By Bill Saidi
LAST May, the government launched Operation Murambatsvina that everybody in the country came to know as The Tsunami.
Five months earlier, there had been a massive earthquake on the Indian Ocean floor and the subsequent tsunami had killed 140 000 people and rendered millions homeless in 12 countries, the hardest hit of them Indonesia.
Most Zimbabweans made the distinction: theirs was man-made while the Asian one was what Newsweek magazine called “a monumental humanitarian disaster”.
But for most, their tsunami, its suddenness, unexpectedness and deadliness was equivalent to the Asian one.
Initially, the government had no ready label for the campaign. When the label, Murambasvina/Restore Order was first used, many cynics thought it too glib. It smacked of the sort of thing people obsessed with gallows or ghoulish humour – like the Central Intelligence Organisation (CIO) – are fond of.
So, by the time a London-based magazine suggested the CIO had choreographed the entire tsunami in Zimbabwe, such cynics felt vindicated.
The story went something like this: the CIO told President Robert Mugabe that they had impeccable intelligence that there was a plan to launch a march on State House. The idea was to force him to flee into exile.
A number of autocratic leaders, particularly of the former Soviet states, had been ousted in this manner. George Shevardnadze of Georgia was an example.
To forestall the march, the CIO proposed a terror campaign in the major urban centres, the stronghold of the opposition MDC.
Mugabe, reportedly one of the most insecure leaders in the region, readily agreed to the plan. It was not the first time he had acceded to the CIO scare-mongering.
Since this exposé from the New African magazine, there have been spirited flimsy denials by the Information and Publicity permanent secretary who said the magazine did not speak on behalf of government. This in other words meant that the magazine, an undisguised mouthpiece of President Mugabe, lied, and the lie was carried in the state media.
But there is all the evidence that President Mugabe is now hostage to the security functionaries who have dramatised his insecurity to justify desperate measures.
Operation Murambatsvina fits into this realm and state agents moved with speed to execute the savage plan with precision.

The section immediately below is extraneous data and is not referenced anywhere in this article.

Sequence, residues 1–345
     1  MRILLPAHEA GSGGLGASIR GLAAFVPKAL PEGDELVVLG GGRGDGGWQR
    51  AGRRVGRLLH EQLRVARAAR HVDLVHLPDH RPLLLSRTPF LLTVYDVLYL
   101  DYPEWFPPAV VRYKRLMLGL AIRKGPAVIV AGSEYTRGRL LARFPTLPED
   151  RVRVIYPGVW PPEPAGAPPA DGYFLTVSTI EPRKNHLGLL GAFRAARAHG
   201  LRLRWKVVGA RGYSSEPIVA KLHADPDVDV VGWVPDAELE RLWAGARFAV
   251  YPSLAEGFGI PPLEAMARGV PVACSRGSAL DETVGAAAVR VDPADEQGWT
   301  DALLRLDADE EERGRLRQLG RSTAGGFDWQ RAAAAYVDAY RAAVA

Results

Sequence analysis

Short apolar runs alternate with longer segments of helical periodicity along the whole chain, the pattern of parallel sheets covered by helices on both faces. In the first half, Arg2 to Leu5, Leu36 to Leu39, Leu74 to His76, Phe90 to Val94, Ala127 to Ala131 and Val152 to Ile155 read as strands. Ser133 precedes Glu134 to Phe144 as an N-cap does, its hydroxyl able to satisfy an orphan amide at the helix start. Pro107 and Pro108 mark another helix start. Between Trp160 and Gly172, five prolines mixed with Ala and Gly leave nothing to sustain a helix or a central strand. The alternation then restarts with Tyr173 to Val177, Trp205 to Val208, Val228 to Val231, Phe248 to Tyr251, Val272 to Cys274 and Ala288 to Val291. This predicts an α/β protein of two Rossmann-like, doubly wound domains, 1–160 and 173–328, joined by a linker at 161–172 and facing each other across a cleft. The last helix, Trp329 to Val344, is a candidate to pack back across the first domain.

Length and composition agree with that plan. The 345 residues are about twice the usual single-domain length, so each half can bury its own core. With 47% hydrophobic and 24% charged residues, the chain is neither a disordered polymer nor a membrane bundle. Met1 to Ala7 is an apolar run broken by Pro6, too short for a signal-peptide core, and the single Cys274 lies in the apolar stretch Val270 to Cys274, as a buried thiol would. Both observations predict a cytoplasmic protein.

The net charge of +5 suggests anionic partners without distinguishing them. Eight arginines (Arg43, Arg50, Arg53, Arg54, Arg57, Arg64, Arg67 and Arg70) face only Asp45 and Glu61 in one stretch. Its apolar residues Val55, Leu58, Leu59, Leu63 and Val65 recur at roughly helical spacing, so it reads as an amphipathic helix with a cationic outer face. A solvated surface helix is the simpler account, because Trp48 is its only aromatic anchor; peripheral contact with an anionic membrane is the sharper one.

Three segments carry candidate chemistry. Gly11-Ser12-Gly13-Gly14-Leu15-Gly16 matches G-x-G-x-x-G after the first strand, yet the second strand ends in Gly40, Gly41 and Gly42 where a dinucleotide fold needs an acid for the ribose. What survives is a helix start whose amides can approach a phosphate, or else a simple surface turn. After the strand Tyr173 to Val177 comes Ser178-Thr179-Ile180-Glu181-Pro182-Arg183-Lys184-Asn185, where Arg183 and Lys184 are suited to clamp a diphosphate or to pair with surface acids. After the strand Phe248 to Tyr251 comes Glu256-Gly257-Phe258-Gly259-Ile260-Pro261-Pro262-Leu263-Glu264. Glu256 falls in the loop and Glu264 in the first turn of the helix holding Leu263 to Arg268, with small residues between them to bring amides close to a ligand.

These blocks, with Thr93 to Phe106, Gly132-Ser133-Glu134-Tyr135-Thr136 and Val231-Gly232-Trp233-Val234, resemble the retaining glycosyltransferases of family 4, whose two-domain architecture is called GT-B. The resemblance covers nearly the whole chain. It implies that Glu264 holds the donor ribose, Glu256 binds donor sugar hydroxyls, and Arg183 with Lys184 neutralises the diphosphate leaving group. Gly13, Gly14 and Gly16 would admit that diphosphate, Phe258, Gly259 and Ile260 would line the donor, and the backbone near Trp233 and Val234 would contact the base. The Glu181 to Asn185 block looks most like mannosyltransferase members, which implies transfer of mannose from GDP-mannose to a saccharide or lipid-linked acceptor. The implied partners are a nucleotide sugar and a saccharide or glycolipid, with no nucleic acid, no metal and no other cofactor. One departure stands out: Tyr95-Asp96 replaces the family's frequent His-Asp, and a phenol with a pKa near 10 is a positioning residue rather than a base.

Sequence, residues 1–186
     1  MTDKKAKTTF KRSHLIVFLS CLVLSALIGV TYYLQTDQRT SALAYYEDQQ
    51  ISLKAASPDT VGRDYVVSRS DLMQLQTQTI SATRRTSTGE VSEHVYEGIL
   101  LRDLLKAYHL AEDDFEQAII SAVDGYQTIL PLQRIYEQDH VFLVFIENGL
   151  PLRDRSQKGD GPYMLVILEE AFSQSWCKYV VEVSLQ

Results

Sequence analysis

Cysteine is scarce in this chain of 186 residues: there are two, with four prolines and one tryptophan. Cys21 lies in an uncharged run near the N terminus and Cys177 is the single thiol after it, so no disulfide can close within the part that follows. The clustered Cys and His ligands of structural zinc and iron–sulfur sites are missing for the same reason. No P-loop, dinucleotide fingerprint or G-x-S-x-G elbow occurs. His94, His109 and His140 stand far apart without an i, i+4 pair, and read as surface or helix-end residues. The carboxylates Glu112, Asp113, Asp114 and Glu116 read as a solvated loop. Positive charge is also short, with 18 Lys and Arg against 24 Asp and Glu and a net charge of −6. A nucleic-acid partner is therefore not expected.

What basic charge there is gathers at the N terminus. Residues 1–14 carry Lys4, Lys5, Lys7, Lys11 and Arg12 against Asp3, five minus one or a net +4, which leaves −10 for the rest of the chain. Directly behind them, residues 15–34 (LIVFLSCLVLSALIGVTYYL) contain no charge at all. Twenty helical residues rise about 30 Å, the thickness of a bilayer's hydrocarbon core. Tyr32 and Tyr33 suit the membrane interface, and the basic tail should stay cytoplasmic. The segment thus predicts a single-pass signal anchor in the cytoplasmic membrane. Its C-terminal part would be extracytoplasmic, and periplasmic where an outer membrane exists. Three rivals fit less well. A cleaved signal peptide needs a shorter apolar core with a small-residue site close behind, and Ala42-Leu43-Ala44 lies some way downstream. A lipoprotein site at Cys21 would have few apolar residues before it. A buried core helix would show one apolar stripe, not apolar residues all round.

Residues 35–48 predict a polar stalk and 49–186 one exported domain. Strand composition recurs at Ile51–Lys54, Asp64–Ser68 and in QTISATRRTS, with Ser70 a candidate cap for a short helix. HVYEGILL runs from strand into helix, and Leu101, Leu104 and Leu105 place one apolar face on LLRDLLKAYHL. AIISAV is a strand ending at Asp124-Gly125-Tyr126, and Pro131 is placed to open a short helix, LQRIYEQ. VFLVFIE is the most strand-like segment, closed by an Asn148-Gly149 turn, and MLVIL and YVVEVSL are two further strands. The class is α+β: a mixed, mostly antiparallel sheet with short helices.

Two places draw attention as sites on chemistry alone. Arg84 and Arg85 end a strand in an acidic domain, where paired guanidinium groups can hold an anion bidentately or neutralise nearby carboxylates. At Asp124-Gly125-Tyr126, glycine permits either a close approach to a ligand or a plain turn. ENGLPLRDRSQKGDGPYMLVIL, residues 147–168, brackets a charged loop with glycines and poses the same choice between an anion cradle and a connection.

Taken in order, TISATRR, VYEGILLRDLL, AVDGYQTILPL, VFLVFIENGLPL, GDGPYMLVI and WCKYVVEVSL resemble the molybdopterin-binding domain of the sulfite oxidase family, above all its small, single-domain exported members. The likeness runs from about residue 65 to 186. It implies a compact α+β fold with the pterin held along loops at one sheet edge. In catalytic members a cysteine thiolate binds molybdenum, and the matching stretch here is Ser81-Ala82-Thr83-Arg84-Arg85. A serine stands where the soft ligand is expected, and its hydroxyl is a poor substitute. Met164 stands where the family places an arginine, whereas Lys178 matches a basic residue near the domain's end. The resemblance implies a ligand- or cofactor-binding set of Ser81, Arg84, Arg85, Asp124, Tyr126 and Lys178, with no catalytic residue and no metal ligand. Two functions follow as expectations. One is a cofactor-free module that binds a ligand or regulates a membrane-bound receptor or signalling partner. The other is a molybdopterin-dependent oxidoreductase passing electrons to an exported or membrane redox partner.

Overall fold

It was the same readiness to believe the CIO scare tactics which led to Gukurahundi.
The CIO is reported to have made such a solid case for the overthrow of the government by ex-Zipra dissidents that Mugabe didn’t think twice before deploying the deadly Five Brigade troops into Matabeleland and the Midlands provinces.
In the aftermath, albeit years later, he admitted the killing of an estimated 20 000 people, including women and children, was a terrible mistake. The nation is still waiting for his apology.
For his pains, Zanu PF will never reclaim Matabeleland politically, ever again. The CIO is also believed to have frightened President Mugabe out of his wits over the hare-brained demands of the war veterans led by the late Chenjerai Hunzvi.
Their scenario: if Hunzvi persuaded the ex-fighters to ditch Zanu PF and make common cause with any opposition party, the ruling party’s political goose would truly be cooked.
Recently, President Mugabe realised the war veterans were not the political asset that he always thought they were. He acted against them rather harshly: their leader was recently fired from the party and there has so far been not a peep from the rank and file members.
But his greatest blunder was probably to succumb to the CIO plot on the farm invasions.
He had conceded defeat in the constitutional referendum. A few days later, he told the judiciary to go to hell and unleashed war veterans on the commercial farms.
In the elections that followed, 40 people were killed and this triggered Zimbabwe’s economic slide.
The payment to the war veterans had caused a tsunami of its own in the billions of unbudgeted expenditure. The dollar plunged in value – and has still not recovered.
Clearly, if the CIO is now virtually running the government, by presenting President Mugabe with their own versions of the truth, there could be a time-bomb ticking under him.
Intelligence services all over the world can take over a country. In the United States, a book called The Invisible Government detailed how the Central Intelligence Agency (CIA) virtually took over the running of the government from the president. Richard Nixon, before he took office after his first victory in 1968, he was not too keen on the CIA.
In his book, The White House Years, Henry Kissinger, who served as his secretary of state, says: “He was determined to run foreign policy from the White House. He felt it imperative to exclude the CIA.”
* Bill Saidi is former editor of the banned Daily News.